Patients find plastic surgeons based on their popularity online and often ignore their experience, expertise, and ability, suggests a study published in the Aesthetic Surgery Journal, one of the two official publications of the American Society for Aesthetic Plastic Surgery (ASAPS/The Aesthetic Society).
In the study, researchers conducted a Google.com search in the top 25 United States metropolitan areas to identify the top 20 websites of board-certified plastic surgeons. Social media presence was quantified by tracking the number of followers on Facebook, Twitter, and Instagram for every surgeon, as well as medical school and year of graduation.
Through a multivariate logistic regression analysis, it became evident that the total number of social media followers is associated with Google first-page placement, while medical school ranking and years in practice, were not, explains a media release from ASAPS.
“Surprisingly, Google is delivering patients style (online social media presence), over substance (academic pedigree, years of experience, etc), which is a bit disconcerting,” states Dr Clark F. Schierle, MD, PhD, FACS, an author of the study.
“Google’s current algorithms are fueling the transition to this new business model, which means that patients believe a first-page ranking on Google is more important than a physician’s experience, expertise, and ability,” he notes.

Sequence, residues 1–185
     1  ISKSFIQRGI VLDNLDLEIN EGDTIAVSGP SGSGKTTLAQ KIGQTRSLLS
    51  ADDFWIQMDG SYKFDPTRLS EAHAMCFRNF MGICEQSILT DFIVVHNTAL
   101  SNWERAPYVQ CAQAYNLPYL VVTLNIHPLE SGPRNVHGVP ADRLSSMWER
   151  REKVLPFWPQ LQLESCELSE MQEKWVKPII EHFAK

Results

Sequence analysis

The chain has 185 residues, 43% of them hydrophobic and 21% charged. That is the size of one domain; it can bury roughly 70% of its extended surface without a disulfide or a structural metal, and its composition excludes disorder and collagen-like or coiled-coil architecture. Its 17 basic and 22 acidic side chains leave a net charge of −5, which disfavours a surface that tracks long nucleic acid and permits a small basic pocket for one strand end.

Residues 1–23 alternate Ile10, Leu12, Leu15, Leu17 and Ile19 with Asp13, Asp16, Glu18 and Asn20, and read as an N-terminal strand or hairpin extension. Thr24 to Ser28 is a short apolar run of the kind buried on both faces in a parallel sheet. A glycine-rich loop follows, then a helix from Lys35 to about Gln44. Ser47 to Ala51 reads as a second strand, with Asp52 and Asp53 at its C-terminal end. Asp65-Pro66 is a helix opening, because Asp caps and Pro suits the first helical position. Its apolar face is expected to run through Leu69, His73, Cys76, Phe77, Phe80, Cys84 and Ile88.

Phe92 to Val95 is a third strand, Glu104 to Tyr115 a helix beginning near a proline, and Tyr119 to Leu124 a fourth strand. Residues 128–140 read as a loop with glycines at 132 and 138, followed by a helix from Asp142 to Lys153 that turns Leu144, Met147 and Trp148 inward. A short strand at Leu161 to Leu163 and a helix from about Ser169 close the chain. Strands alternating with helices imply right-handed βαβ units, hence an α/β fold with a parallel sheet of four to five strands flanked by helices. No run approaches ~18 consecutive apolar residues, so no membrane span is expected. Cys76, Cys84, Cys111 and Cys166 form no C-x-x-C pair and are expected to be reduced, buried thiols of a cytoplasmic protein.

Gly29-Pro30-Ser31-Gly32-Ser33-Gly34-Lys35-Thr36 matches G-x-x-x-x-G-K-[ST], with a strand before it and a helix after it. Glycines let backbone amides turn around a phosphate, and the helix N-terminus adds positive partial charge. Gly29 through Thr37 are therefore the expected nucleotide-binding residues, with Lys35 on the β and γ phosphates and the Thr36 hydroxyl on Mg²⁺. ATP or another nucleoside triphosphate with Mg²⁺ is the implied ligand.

The study shows what Schierle and his co-authors have suspected for some time, that the old paradigm of patients finding plastic surgeons through referrals, word-of-mouth, a surgeon’s reputation, and academic pedigree is over. Having a strong social media following is what now drives patients into plastic surgeons’ offices, the release continues.
Patients have increasingly been using online resources to make healthcare decisions and have a tendency to trust and value the ratings that providers receive online. As the understanding and use of social media has grown, it has become a natural marketing venue for providers of aesthetic surgery due to its low cost and ability to reach a wide audience.
The proliferation of preoperative and postoperative photos, intraoperative videos, and graphic explanations of the procedures offered appeals to many potential patients, as evidenced by many of the hugely popular social media accounts belonging to aesthetic surgery providers.
“This also raises questions regarding professional etiquette on these social media channels, especially in light of some aesthetic providers’ harmful behavior,” Schierle concludes in the release.
[Source(s): American Society for Aesthetic Plastic Surgery, PR Newswire]